Grumpet threw a public tantrum on twitter with 964 tweets sent out in less than 2 hours. Then he did the only thing he knew to do besides withholding social security and Medicare checks which he ordered immediately. He held rallies in non-donor states in which he criticized the “selfish” donor states and demanded their tax money.

Meanwhile, donor states used the secreted tax money to keep social security recipients and health systems going. They began to organize to pull out of the USA. They saw no other way.

Signs went up.

“No taxation without representation”

“No taxation without protection”

“Time to exit — bring our taxes home”

“Exit and live free”

“Be like the president — walk away”

Not a shot was fired for peace

“Let them go,” grumbled Grumpet, “who needs them.”

Well, turns out he and the remaining states did, something the states did not understand until they no longer received money from the donor states. The strangest kind of civil war occurred. Not a shot was fired except in isolated incidences. No, most of the fight was over money and in the courts, the battlefield most comfortable for Grumpet. Only he lost when the USA nearly went bankrupt from growing legal fees piled on to those incurred during his term.

Millions of people walked away from the USA. It wasn’t easy but they could no longer support a government that failed to protect them and the freedoms inherent in their Constitution. They saw no avenue to overcome the disrespect and oppression of any person who held a value or opinion different than Grumpet’s and his supporters.

Then on one sad day, millions gathered in homes, churches, auditoriums and Zoom screens to decide their fate. When all the talk was over, the USCG — the United States for Common Good — was born, with a Constitution unsurprisingly like their former country’s Constitution. They did it because they could; they had money and the support of each other.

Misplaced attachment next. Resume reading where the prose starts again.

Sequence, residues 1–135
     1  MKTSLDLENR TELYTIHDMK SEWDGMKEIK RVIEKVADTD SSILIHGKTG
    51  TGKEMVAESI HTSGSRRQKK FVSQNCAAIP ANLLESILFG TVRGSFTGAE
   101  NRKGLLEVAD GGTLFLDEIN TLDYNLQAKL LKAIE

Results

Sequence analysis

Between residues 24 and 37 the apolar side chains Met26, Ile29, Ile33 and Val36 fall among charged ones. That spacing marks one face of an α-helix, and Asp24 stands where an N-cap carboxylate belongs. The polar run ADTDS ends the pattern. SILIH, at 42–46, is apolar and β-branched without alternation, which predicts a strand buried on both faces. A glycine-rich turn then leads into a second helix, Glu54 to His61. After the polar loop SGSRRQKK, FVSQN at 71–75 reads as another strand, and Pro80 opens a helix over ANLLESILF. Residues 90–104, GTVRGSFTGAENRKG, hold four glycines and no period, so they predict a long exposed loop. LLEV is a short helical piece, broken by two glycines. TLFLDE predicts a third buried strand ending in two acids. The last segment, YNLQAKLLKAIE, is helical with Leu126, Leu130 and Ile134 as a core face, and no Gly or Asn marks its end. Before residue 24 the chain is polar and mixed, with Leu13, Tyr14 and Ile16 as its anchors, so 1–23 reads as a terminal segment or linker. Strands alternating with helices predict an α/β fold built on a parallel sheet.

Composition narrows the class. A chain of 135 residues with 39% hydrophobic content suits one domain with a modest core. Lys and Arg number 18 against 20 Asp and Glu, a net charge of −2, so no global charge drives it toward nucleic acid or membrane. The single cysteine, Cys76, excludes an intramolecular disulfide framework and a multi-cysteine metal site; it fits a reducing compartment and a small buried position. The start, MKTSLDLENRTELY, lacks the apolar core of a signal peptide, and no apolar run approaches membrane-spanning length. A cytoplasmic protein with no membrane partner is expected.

It was awkward at first given USCG states were on both coasts separated by the USA. Any traveler trying to reach the other coast had to go the long way around. Travel relaxed a bit when both countries realized they needed each other. Commerce begin to be the focus of agreements.

The personality and teachings of each country stayed true to its origins. The USA had limited government, few agencies and social programs and the USCG established federal agencies to provide national solutions for threats to the country and/or its people.

Populations shifted a bit as people chose the right place for their values and interests. Romeo and Juliet problems occurred when a couple, one partner from each country fell in love. They often moved to Canada.

Decades passed. The grievances and wounds were so deep that it wasn’t until the generations of Grumpets and revolutionaries passed on that the opportunity to reunite came. Nothing remained to oppress the spirit and hope of new generations and their ability to see that it was better for all to be together.

So, it came to be.

Bertha Cooper, featured columnist in the Sequim Gazette, spent her career years in health care administration, program development and consultation. Cooper and her husband have lived in Sequim more than 20 years. Reach her at columnists@sequimgazette.com.